Local News


Woman contracts West Nile virus in Southern Nevada

Mosquitoes with virus found in 89005 zip code
Posted at 1:12 PM, Jun 10, 2019
and last updated 2019-06-10 16:16:02-04

The Southern Nevada Health District’s Mosquito Surveillance Program identified the first West Nile virus-positive mosquitoes of the season in the 89005 ZIP code. The first human case of West Nile virus in Southern Nevada was reported in April. The individual, a female over the age of 50, had the more serious neuroinvasive form of the illness and has recovered. There were no reported human cases of West Nile virus in Clark County last year.

“We know that there is an increased risk for West Nile virus and other mosquito-borne illnesses in Southern Nevada during this time of the year,” said Dr. Joe Iser, Chief Health Officer for the Southern Nevada Health District. “I would encourage everyone to take the appropriate precautions to do their part to ensure their homes are free of standing water, use insect repellent appropriately, and to report mosquito activity to our agency.”

West Nile virus is most commonly spread through the bites of infected mosquitoes that have acquired the virus by feeding on infected birds. Many people with the virus will have no symptoms or very mild clinical symptoms of illness. Mild symptoms include fever, headache, body aches, nausea, vomiting, and sometimes swollen lymph glands or a skin rash on the chest, stomach, and back. In some cases, the virus can cause severe neurologic illness and even death.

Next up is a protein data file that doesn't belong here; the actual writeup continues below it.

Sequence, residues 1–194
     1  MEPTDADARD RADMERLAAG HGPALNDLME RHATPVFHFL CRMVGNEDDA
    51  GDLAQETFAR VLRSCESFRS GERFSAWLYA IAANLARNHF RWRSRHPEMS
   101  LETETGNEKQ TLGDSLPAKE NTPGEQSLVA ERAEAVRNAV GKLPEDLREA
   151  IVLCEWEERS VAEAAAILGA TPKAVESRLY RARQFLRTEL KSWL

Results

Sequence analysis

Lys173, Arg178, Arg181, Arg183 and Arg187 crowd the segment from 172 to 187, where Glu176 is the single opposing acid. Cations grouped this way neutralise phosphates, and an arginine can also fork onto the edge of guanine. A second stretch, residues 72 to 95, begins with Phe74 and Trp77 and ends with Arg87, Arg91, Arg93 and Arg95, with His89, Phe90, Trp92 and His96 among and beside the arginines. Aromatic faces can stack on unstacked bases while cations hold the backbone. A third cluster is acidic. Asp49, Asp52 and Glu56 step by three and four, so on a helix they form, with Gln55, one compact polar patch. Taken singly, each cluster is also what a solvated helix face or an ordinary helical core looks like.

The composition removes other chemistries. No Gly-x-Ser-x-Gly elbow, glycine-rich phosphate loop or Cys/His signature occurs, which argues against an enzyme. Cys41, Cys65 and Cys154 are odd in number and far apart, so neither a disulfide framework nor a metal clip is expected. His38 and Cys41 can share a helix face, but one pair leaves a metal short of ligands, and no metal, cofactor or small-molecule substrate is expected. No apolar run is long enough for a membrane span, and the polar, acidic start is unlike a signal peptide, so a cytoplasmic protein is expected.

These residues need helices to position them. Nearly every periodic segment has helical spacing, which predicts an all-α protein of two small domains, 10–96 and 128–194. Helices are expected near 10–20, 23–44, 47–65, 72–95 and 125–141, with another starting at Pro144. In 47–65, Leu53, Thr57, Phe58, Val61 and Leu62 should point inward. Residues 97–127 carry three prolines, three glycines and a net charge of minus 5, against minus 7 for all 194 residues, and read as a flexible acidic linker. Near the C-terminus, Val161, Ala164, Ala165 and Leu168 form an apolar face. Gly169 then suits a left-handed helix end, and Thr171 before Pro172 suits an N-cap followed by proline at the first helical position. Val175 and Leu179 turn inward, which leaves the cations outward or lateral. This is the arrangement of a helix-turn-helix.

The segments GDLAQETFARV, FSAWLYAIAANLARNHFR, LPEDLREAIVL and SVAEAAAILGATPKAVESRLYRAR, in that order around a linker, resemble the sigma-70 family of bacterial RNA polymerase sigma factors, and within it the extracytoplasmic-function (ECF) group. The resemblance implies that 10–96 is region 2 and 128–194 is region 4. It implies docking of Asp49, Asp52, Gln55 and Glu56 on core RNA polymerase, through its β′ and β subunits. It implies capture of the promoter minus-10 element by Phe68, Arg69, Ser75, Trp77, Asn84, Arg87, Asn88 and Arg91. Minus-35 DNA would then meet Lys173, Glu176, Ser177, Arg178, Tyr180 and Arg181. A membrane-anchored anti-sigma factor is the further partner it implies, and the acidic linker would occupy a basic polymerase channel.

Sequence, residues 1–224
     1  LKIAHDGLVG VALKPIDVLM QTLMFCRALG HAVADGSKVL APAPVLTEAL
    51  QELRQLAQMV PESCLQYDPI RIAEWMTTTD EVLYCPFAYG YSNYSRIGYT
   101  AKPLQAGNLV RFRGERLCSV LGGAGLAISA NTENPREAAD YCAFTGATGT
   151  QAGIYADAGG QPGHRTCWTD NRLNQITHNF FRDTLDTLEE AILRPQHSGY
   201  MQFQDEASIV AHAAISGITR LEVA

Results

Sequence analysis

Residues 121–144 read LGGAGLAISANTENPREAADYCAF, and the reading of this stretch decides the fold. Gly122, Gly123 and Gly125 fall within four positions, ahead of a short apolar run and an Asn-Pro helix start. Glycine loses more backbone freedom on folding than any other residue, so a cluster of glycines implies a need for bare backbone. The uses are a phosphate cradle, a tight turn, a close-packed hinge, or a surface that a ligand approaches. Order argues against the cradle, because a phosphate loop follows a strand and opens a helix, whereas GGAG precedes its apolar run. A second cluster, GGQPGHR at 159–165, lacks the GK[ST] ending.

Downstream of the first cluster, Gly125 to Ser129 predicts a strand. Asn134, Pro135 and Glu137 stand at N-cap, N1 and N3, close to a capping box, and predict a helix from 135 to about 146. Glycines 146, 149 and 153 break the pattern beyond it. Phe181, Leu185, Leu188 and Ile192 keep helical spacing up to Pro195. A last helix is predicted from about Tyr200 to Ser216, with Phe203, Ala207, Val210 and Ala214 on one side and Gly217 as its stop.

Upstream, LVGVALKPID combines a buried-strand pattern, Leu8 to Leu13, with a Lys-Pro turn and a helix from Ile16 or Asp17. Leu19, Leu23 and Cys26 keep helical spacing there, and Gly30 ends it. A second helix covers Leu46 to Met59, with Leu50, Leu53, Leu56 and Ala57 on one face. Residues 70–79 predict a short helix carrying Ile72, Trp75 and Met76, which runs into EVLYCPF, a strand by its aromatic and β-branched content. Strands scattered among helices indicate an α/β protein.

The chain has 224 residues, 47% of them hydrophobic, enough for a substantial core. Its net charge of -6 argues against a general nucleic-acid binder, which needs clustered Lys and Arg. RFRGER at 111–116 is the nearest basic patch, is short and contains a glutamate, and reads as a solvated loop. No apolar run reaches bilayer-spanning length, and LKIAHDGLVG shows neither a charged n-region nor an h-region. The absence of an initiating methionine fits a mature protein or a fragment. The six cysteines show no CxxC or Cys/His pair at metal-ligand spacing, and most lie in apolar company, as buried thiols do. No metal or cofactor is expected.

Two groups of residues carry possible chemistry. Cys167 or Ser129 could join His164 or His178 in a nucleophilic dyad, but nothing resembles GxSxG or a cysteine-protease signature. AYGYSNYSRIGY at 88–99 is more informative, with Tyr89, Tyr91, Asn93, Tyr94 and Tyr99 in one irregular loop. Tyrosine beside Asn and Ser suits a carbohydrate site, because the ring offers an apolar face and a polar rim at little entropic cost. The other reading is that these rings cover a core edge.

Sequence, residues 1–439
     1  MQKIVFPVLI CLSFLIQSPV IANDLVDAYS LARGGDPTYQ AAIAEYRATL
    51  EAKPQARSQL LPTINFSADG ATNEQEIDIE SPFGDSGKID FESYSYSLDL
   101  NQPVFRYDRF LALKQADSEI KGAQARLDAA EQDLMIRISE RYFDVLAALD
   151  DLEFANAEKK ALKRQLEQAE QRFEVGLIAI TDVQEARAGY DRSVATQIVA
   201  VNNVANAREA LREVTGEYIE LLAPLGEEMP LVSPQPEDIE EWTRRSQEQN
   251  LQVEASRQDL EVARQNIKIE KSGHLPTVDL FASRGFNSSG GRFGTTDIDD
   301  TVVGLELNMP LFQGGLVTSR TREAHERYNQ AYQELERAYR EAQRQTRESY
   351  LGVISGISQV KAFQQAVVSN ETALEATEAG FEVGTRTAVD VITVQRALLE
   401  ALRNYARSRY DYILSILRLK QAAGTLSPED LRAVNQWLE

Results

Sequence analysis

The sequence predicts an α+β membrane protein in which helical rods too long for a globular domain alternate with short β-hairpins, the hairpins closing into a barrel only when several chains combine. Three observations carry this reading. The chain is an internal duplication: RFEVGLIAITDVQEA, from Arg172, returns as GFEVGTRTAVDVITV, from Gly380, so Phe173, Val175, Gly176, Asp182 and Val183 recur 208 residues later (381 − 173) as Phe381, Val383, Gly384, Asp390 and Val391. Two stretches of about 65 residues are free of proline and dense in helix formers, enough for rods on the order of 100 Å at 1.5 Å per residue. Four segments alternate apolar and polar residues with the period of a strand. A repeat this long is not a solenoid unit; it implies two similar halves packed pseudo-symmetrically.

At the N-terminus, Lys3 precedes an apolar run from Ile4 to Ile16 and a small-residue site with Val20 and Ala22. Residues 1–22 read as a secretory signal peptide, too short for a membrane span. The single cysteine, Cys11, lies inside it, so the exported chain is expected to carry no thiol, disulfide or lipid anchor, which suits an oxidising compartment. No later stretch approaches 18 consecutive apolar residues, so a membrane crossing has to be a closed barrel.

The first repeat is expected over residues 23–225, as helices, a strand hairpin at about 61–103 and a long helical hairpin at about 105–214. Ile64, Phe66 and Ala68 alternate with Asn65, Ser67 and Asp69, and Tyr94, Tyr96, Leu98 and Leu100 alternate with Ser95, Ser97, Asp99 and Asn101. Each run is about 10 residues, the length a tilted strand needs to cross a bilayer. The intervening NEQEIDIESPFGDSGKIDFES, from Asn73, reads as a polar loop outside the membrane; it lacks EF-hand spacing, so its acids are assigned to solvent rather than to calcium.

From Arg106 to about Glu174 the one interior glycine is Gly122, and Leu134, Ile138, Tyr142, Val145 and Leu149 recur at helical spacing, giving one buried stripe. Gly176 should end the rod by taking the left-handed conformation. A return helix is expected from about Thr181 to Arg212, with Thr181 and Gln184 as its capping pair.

The Southern Nevada Health District’s Mosquito Surveillance Program regularly tests mosquito pools for West Nile, St. Louis Encephalitis, and Western Equine Encephalitis. As of May 31, Health District staff has set 711 traps throughout Clark County with 7,759 mosquitoes submitted to the Southern Nevada Public Health Laboratory for analysis. The program also conducts surveillance for Aedes aegypti and Aedes albopictus mosquitoes, the two species known to spread the Zika virus. Weekly Arbovirus Updates are available on the Health District website.

The Health District recommends the following to prevent mosquito bites and to eliminate breeding sources: · Use Environmental Protection Agency (EPA)-registered insect repellents containing DEET, Picaridin, IR3535, Oil of lemon eucalyptus (OLE), or 2-undecanone.

· Wear pants and long-sleeved shirts to reduce mosquito exposure when outdoors.

· Eliminate areas of standing water around your home, including non-circulating ponds, “green” swimming pools, and accumulated sprinkler runoff, which support mosquito breeding.